14 Learning Apps for Your Tablet or Smartphone
One thing that my wife Sofia and I always notice at Learning Foundations is that in the few minutes that our kids are waiting in the reception area, they almost ALWAYS ask mom for her phone or Ipad. And there they go, playing away at Angry Birds, Tetris or some other video game. But what if you could use that time to get your child engaged in games that actually help their brain?
Here’s our list of 16 Learning Apps (in no particular order) that can help your child improve his or her learning skills while still having fun!
NOTE – These apps are good tools to reinforce learning, but should are not a substitute for professional learning skills training. They will neither diagnose nor fix a learning problem. If your child has been struggling in school, and tutoring hasn’t helped, don’t wait for the school to diagnose a learning disability. Consult a professional to help find the underlying cause of your child’s learning difficulties. Most learning challenges can be corrected using targeted and consistent 1-on-1 cognitive training.
1) Dragon Dictation – This app is a very good “speech to text” program and works well with students who struggle with handwriting, taking notes or remembering their ideas. By clicking a button, you speak into the microphone and then turns your speech into text. Its vocabulary is quite limited at first, but it quickly learns to recognize your voice and is able to correct itself. Once you stop the recording, you can make any corrections to the text and then export it to your email, Facebook, Twitter or cut and paste it into a word document.
2) Blio Reader – Visually impaired and dyslexic children often miss out on the benefits of the written word because they are unable to read efficiently. Blio is a great audiobook app that highlights each word as it is being spoken. The reader can then follow the text word by word while he is getting the auditory reinforcement. Research shows that children with dyslexia can learn to read using an Orton-Gillingham based program. This can take up to 3 years. In the meantime, they can use this program as a tool to keep up with the rest of their class. Story books and textbooks are purchased individually.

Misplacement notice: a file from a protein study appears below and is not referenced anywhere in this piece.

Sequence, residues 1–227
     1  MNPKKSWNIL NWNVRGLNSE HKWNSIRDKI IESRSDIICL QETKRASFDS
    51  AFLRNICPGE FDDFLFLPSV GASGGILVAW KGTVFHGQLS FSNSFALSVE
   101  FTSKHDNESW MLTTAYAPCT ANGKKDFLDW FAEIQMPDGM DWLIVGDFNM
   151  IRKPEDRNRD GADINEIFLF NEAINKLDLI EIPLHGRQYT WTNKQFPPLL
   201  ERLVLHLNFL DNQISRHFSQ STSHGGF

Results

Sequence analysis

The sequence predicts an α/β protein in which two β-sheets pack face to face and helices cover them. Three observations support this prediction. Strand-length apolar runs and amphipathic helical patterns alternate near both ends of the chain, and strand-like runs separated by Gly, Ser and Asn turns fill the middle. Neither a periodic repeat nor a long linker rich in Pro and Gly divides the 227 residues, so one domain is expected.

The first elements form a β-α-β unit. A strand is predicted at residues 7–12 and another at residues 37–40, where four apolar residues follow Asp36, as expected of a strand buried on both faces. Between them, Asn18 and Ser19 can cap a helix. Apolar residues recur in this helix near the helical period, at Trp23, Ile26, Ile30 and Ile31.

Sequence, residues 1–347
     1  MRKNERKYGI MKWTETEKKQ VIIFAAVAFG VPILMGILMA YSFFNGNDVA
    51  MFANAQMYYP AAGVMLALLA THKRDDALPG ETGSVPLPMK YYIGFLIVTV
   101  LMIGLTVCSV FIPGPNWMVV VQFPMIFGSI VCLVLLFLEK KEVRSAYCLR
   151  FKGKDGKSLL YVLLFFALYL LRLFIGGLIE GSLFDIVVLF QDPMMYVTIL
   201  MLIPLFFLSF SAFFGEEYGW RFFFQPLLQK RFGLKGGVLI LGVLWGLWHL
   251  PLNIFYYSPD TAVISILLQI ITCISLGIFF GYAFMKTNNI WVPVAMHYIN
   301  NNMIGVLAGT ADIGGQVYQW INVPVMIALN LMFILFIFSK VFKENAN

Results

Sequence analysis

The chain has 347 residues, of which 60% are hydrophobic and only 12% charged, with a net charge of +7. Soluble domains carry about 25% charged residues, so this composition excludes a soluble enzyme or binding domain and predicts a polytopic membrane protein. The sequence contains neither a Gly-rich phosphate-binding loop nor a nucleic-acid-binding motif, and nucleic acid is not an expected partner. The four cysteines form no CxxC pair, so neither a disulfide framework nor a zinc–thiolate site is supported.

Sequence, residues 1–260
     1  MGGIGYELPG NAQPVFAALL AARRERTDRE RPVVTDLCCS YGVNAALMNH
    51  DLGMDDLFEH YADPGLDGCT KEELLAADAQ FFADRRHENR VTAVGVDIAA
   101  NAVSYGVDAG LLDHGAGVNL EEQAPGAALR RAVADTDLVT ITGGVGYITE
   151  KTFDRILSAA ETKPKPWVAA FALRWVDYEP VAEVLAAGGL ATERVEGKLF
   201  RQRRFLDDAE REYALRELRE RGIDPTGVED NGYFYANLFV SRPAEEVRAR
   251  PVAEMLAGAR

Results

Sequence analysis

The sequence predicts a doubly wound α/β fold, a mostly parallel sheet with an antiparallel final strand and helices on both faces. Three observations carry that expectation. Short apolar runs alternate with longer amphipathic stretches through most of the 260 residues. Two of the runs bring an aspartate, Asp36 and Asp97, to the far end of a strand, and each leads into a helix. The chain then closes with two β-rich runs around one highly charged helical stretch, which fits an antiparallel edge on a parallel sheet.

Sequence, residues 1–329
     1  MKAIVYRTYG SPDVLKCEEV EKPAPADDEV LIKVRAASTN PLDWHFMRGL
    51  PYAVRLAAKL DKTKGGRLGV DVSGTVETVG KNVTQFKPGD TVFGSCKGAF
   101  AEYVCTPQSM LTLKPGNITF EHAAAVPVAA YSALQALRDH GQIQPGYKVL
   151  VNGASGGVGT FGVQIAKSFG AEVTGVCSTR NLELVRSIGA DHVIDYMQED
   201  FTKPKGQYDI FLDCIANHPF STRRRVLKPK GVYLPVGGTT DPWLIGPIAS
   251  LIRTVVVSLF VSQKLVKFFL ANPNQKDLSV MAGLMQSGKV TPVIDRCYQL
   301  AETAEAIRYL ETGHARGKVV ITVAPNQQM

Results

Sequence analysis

3) Lexico Cognition – I especially liked this app because of how it works to improve spatial relations and logic and reasoning. A series of pictures with different shapes, objects or people are laid out in a grid pattern. A voice with text reads a sentences describing a picture. With your finger, you drag the sentences to the group of shapes it is describing. As you start matching sentences with pictures, you start uncovering a picture that is laying hidden in the background. I highly recommend this one for children with Autism or other cognitive difficulties.
4) iWrite Words – Toddlers that are learning their letter and number shapes as well as children with dysgraphia can benefit from this interactive app. A series of dots outline the shape of each letter and you have to connect the dots by sliding your finger from one point to the other. The dots are numbered in a sequence to reinforce consistent starting and ending points when forming letters. If you go the wrong way, or step out of the path, you simply start again. This program works with both capital and lowercase letters as well as words.
5) Find the Letters – This app helps develop fine motor and visual tracking skills for reading. A series of 3 or 4 letters are laid out in a grid pattern with a corresponding color assigned to each letter. You first tap on a color and slide your finger across the grid, finding all of the letters that correspond to that color. Once letters are colored in, you can see the picture that has been formed.
6) Sight Words by Photo Touch – Sight words are difficult to learn for many kids, especially those with dyslexia. This app provides a nice, visual way for them to memorize their sight words by using their visual memory. The voice in the program will say a word and then present “cards” with different options for how to spell that word. When you choose the correct word card, the voice will give positive reinforcement before saying the next word. When you get three consecutive correct words, the number of possible word choices increases.